Early in Year 2, the Town of Colonie showed us zoning laws-fire ordinances still needed to be obeyed, when they tore down a nights work of covering the windows in an old Burger King location with dark paper. We wound up having to paint a lot of glass black, weekend days were still a lot lighter, though props held up well.
Amazing how younger kids wanted to come in, but were definitely scared of the monsters. We gave the little ones lollipops or small plastic spider rings to show to monsters “and they’ll be nice.” Parents loved the creativity and energy.
FLYING WITCHES!! Having a couple engineers-architect types in the group is helpful in making things work. For the Witches, it was filling three-50 gal. drums with water (counter-balance) and having a supply of smaller HS girls willing to be hooked up and go about 30x a shift. The cable they were hitched to didn’t need to be a steep incline, just keep them moving, and a light flashed on them going past, with the accompanying cackle and witchlike behavior in a 10′ view.
One drawback: A couple times the required ‘catchers’ didn’t do their job, and the witches came through the black cloth at end and crashed into a barrier only 6 feet later. Trying to protect themselves, the girls often came through with knees up, a little something extra to watch out for in the relative dark.
Safety is always paramount, touching isn’t allowed. While residents of Insane Asylum could reach from behind rebar to within inches of passing viewers, nobody grabbed even a school buddy, and no-touch works both ways. Workers ‘inside’ featured rooms have to know escape routes for any emergencies.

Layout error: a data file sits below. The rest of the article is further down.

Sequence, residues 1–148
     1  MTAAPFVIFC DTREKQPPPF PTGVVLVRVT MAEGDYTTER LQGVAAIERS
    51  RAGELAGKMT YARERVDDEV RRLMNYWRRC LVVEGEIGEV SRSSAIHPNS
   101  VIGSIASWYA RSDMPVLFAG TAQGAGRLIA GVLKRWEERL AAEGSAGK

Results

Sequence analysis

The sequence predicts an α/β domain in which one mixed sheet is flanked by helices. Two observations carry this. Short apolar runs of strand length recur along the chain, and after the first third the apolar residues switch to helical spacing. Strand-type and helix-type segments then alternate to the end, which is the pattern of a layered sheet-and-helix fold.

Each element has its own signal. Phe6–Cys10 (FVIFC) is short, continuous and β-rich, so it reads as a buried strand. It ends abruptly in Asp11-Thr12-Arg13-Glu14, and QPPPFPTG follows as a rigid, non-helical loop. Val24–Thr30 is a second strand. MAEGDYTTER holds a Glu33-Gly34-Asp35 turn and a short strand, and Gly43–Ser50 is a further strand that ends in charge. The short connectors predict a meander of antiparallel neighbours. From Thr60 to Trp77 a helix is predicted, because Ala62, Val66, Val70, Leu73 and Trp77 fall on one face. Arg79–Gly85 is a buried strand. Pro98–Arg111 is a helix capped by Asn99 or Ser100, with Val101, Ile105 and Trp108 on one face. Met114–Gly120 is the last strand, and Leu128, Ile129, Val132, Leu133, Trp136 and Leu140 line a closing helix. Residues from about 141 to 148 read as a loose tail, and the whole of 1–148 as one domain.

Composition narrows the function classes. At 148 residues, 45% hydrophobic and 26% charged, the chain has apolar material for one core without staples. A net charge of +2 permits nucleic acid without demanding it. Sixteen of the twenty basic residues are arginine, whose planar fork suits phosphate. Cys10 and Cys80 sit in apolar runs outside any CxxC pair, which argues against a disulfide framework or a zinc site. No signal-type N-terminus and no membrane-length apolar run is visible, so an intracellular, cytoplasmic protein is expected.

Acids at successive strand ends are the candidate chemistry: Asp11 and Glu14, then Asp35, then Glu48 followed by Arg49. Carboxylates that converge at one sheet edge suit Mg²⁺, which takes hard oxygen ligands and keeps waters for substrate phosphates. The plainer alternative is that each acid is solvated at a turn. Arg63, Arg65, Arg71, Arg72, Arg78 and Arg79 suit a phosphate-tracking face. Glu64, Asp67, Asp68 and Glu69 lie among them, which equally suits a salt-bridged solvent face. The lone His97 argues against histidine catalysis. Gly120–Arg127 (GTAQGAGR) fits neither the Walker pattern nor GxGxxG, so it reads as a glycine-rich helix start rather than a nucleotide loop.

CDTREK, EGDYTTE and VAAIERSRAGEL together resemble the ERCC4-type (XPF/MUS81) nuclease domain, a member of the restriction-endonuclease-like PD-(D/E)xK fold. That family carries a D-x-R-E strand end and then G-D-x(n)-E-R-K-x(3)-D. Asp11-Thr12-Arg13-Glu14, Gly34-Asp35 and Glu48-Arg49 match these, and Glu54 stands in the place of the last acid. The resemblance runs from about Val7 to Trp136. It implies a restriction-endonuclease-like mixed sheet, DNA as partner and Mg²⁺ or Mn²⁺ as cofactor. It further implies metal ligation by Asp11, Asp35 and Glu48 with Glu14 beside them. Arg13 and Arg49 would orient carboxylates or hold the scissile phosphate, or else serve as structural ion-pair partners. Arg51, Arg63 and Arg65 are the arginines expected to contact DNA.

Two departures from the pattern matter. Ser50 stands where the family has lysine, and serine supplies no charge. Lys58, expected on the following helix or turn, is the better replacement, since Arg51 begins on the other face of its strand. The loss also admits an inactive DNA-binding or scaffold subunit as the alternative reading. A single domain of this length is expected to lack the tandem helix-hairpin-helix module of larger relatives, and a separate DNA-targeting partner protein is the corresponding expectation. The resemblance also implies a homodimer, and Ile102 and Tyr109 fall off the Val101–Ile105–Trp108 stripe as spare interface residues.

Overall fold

Considering the amount of time and personnel necessary for construction, free food is an economic necessity. Because most Jaycees were coming from work, being able to grab some chow on breaks was necessary. McDonalds was willing to have someone pick up a bunch of burgers at specific times, pizza-donuts-cookies-soda were always around. Thankfully, mall food court merchants were always generous, Haunted House was always a traffic builder – kids bring parents with $$$.
Having people on the phones willing to ask strangers for food was a big job, like a constant three person job determining the when and how much we were able to get ahold of for a month of thirty-plus people daily.
COLLABORATION TO THE MAX
Stating that the collaboration of efforts and leadership skills – sharpened in the reality of projects and available for years thereafter – is always going to be my #1 “You should try” advice about Junior Chamber activity, thats REAL effective networking. Having that link, being part of a specific cadre of talents that brought events together for a greater good, that counted in all my professional accounts going forwards.
Often quoted in complaint, ‘Getting volunteers to move the right way is like herding cats,’ isn’t wrong.
The Haunted House construction was always a terrific challenge, with a whole trailer-load of props to utilize, and the screaming and scaring was the payoff. Knowing how great the gig was (again) versus thinking it would be economically beneficial to our chapter was #1 Attitude.
The chapter had lots of bankers (Key Bank), and was a ‘rebuild’ of what had been a 300 member (Metro size) Albany Chapter that divided into three smaller groups. Albany had some history, so being in that initial dozen or so, previous Jaycees now ‘Roosters’ (past age 39) provided direction, and we carried forward. Continuing good handoffs help the community and the helpers.
Yay! for seasonal Halloween scaring, for the houses that decorate, and may there be a Haunted House for the kids and you to enjoy in 2022.